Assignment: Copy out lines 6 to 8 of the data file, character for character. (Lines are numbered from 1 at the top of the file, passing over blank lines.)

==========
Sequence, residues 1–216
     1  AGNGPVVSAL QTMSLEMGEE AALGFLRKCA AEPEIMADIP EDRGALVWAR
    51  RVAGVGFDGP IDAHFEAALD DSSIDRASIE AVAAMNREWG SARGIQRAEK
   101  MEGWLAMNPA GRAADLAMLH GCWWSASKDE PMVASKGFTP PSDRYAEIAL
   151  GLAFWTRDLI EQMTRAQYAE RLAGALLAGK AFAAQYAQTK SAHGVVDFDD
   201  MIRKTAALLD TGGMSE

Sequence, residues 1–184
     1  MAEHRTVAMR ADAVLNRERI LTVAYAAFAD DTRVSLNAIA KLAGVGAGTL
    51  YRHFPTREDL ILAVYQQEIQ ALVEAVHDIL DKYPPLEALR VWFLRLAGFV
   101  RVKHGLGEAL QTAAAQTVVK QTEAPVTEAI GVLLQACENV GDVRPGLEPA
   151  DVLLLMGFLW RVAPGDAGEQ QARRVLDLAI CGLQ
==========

   201  MIRKTAALLD TGGMSE

Sequence, residues 1–184
     1  MAEHRTVAMR ADAVLNRERI LTVAYAAFAD DTRVSLNAIA KLAGVGAGTL